Commodity-Driven Deforestation Learn how to correctly analyse this topic.

Sarah Simon

11 min Read Time | June 1st 2022

Key Takeaways

Deforestation can have severe consequences on the environment. Some companies source products that contribute to deforestation directly, while others produce them.

When assessing the impact of deforestation, make sure to focus on environmental impacts to contextualise the impact (i.e., assessing CO2 emissions or others). Also, analyse the depth, breadth, and persistence of the impact. Make sure the readers can clearly identify the scale by providing the amount of deforestation that took place.

Social impacts and the ecological impacts due to investments are covered in separate topics.

What it is?

95% of deforestation worldwide occurs in the tropics, a majority of which is driven by agriculture. Forests are cleared to grow crops, raise livestock, and produce products such as paper. 60% of tropical deforestation is attributed to beef, soy, and palm oil (also known as oilseeds). Paper products are the third-largest driver of deforestation.

Various environmental impacts result from deforestation: drought, land infertility, and soil erosion and flooding, among others.

The impacts of habitat destruction and biodiversity loss are treated within this topic.

Forests also play a critical role in mitigating climate change. They act as a carbon sink, soaking up carbon dioxide that would otherwise be free in the atmosphere and contributing to ongoing changes in climate patterns.

Around the world, temperate, tropical, and boreal forests are being degraded and cleared. The main drivers are farming, resource extraction, logging, and urbanisation.


Sources

https://www.worldwildlife.org/threats/deforestation-and-forest-degradation
https://ourworldindata.org/what-are-drivers-deforestation
https://www.pachamama.org/effects-of-deforestation#:~:text=The%20loss%20of%20trees%20and,of%20problems%20for%20indigenous%20people

E SDG PRINT 15

SDG choice

✅ SDG: 15

✅ Category: Processes

Impact assessment

Introduction

Other than carbon dioxide equivalent emissions from land conversion, the introduction should clearly state the environmental impact such as land and soil erosion, drought, and flooding, among others. One to two lines on this in the introduction will suffice.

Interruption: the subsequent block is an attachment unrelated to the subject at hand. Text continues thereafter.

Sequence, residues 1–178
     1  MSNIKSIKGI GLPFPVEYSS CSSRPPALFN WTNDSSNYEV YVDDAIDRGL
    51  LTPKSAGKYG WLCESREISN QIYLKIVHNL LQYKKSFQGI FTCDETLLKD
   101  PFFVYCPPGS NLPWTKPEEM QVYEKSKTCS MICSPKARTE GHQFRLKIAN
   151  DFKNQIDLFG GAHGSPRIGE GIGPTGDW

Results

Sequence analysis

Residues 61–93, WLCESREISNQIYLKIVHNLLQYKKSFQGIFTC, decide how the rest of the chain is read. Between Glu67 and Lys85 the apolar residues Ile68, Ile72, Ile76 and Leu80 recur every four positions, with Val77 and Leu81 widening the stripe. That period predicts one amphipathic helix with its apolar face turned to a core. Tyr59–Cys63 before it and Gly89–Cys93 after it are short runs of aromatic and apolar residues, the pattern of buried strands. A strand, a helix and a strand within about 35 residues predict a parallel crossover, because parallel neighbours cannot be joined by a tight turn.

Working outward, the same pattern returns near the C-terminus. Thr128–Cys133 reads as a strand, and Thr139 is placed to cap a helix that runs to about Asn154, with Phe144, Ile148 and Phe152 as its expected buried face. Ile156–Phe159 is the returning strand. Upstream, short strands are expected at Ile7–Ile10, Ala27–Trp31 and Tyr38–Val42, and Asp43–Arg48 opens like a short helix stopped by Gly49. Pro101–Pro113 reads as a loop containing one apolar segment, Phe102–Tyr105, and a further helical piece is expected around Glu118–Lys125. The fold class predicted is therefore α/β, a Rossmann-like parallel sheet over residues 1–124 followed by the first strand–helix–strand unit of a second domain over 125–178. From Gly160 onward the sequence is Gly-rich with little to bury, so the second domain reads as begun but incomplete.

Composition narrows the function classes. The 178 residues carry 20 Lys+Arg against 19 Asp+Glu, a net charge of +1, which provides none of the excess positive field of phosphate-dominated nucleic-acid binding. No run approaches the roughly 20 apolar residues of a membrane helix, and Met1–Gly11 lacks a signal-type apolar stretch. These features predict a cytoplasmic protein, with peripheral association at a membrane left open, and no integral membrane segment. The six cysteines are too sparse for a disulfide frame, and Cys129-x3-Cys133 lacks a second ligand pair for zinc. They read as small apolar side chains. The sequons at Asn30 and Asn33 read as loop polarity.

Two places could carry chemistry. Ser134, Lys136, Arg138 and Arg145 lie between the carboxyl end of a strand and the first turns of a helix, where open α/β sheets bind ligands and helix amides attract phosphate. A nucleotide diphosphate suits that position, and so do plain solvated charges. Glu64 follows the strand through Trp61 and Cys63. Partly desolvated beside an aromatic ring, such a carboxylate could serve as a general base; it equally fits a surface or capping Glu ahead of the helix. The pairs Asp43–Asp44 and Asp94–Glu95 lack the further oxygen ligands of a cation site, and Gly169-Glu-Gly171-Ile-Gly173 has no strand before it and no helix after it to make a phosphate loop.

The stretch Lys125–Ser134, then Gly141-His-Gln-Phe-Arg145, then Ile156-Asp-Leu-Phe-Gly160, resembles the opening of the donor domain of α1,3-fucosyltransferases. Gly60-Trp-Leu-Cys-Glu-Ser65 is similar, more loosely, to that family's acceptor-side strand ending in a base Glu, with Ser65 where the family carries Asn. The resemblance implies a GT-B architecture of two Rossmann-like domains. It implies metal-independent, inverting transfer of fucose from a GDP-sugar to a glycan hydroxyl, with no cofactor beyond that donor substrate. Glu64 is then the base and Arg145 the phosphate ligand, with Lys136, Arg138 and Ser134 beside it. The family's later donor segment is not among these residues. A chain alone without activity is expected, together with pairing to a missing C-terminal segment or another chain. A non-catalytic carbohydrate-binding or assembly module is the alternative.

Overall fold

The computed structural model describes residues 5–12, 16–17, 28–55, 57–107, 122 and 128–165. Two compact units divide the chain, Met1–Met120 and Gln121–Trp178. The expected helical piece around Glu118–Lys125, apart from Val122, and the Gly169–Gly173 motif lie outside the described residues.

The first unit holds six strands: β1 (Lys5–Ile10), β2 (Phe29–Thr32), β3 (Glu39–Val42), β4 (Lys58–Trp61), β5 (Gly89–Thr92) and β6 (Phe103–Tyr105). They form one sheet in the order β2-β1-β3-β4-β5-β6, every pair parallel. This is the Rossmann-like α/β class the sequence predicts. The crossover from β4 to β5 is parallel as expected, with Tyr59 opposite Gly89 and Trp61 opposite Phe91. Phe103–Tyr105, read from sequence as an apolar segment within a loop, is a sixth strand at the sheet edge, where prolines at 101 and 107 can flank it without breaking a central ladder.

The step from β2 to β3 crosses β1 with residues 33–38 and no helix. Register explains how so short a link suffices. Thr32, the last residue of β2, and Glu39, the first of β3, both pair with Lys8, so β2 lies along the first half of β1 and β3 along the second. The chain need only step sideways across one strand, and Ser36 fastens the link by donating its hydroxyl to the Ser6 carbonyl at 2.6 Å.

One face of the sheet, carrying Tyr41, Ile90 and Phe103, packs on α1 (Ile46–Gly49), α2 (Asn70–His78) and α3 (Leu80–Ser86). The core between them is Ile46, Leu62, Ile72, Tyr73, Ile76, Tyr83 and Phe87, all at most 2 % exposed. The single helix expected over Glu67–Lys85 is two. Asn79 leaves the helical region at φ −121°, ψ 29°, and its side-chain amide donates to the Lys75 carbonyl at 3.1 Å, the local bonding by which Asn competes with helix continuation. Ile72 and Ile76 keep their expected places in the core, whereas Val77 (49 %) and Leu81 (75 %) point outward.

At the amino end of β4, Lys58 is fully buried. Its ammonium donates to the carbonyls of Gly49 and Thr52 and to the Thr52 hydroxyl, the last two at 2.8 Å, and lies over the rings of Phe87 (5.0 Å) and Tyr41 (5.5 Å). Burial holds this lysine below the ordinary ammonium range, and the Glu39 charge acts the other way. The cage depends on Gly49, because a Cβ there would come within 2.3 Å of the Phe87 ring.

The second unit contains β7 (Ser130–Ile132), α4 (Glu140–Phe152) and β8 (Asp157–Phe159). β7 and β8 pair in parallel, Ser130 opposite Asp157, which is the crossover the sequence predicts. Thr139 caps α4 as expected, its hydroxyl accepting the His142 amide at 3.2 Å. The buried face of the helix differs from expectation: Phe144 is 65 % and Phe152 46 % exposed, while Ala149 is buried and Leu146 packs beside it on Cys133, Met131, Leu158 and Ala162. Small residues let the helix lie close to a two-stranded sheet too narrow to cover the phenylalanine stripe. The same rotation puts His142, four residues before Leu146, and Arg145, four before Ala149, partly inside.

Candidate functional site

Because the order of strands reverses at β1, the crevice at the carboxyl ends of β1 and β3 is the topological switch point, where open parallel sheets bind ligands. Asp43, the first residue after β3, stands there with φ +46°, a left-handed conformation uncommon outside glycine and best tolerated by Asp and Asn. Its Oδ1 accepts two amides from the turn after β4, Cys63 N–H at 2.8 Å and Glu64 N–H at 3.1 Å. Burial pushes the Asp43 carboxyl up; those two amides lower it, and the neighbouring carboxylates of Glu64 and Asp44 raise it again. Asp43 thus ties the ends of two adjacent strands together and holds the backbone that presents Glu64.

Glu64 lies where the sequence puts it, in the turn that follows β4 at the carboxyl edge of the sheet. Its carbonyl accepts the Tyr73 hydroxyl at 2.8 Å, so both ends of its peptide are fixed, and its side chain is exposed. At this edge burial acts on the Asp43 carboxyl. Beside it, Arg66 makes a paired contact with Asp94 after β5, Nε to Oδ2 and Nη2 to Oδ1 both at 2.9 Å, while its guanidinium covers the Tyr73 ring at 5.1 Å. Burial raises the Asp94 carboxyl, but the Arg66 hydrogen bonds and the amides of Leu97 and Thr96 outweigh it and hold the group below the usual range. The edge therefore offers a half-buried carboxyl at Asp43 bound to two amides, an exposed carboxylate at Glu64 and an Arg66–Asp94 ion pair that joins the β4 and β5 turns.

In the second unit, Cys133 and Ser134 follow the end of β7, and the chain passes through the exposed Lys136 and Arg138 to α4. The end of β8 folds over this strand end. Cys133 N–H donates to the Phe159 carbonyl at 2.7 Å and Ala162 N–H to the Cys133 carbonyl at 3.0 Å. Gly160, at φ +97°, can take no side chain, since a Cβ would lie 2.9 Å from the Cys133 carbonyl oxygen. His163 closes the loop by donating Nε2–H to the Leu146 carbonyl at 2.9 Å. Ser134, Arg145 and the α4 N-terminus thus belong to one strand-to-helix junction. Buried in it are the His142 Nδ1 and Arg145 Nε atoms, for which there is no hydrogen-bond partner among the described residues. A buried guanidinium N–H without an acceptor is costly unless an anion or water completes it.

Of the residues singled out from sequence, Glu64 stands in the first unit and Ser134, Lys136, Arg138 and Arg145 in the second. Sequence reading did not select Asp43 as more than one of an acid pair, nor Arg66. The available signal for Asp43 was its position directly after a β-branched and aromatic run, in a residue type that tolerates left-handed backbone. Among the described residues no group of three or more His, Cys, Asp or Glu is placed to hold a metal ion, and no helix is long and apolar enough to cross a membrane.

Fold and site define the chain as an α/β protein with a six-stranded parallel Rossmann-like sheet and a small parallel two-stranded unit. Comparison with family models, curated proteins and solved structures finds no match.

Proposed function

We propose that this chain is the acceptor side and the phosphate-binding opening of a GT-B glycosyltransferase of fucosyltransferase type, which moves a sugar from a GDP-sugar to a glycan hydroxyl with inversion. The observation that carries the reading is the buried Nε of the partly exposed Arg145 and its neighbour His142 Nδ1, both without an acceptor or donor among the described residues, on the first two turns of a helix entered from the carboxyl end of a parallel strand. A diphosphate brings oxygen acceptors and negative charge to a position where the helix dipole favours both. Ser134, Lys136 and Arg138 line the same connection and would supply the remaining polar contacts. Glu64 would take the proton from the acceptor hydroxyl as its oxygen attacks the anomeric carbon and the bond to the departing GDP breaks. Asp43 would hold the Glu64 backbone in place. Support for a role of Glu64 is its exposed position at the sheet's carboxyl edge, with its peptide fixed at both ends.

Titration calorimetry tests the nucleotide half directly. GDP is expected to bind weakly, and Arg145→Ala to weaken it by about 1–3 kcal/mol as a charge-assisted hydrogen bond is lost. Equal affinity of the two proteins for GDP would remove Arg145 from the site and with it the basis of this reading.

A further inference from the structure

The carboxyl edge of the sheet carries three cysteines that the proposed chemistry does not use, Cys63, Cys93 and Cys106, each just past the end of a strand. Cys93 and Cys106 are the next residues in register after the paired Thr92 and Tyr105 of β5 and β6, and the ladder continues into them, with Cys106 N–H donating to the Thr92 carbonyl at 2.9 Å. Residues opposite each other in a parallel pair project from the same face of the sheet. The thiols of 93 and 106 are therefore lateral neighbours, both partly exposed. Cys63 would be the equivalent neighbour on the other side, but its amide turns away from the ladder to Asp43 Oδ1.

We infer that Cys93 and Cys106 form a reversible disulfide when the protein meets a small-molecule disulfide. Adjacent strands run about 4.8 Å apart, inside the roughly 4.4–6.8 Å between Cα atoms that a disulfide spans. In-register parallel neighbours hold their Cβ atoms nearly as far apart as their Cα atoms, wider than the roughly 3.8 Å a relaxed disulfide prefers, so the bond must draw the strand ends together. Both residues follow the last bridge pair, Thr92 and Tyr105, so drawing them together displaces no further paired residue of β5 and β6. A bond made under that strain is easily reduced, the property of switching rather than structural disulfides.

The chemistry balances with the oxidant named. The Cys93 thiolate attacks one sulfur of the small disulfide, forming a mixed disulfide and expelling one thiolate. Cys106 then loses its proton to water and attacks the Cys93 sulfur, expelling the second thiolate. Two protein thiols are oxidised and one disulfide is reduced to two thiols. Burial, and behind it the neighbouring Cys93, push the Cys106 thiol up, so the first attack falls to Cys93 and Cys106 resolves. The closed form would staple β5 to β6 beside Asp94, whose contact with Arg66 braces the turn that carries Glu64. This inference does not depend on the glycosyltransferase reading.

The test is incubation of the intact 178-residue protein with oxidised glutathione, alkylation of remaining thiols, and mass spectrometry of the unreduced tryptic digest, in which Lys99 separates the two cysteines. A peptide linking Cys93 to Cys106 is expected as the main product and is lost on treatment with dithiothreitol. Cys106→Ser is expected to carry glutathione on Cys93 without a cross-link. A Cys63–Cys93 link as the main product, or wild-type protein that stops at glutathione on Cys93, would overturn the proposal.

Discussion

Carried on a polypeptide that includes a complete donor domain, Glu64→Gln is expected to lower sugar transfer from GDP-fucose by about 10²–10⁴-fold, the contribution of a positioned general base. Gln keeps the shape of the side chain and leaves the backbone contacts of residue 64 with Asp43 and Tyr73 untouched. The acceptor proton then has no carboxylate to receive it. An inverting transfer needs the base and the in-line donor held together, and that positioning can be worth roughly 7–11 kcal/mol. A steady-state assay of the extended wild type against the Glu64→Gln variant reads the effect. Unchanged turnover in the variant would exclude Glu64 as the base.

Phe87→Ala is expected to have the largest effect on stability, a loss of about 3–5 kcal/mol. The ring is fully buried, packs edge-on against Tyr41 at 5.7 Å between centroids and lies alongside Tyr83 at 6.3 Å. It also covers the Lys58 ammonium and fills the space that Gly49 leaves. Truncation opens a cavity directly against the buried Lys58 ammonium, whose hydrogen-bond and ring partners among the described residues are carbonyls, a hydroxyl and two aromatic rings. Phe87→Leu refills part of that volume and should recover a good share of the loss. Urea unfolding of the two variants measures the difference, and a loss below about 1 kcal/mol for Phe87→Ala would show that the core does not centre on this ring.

Ideally, the geographical context of where those activities are taking place should be discussed, i.e., if the core analysis discusses the impact of a company regarding deforestation or ecological devastation in Indonesia, then the introduction should provide context to the ecological devastation that Indonesia has experienced specifically.


Core Analysis

Must include:

  1. What issue is being tackled and how

  2. How this has impacted ecosystems, biodiversity, and natural resources

  3. The scale of the impact (number of hectares deforested, biodiversity loss, etc.)

  4. The depth and persistence of the impact

  5. Contextualize the impact, where is it happening? What are the specificities of these places?

  6. Try to be as specific as you can: where is the deforestation taking place, and since when?

Good to have:

  1. Ideally, the geographical context of where those activities are taking place should be discussed, i.e., if the core analysis discusses the impact of a company on deforestation or ecological devastation in Indonesia, then the introduction should provide context to the ecological devastation that Indonesia has experienced specifically.

  2. To help readers assess the impact scale and value, you can contextualise the impact. For instance: How extensive is the company’s deforestation compared to the industry is it part of?



= > If the company is sourcing beef, oilseeds, or forestry/paper products:

These concerns companies that are consuming these commodities to produce their products and services.

The core analysis should capture the company’s impact concerning the broader issue by providing the following information:

  • How much of the commodity did the company source? This is likely to be reported in tonnes.

  • Disclose the amount sourced sustainably (if any), and remember to be critical of certification schemes, whether it is by the RSPO, FSC, PEFC, GRSB...etc.

  • Provide an estimate for the amount of land deforested in hectares to produce the commodity.

  • Evaluate the environmental impacts: how is the climate affected?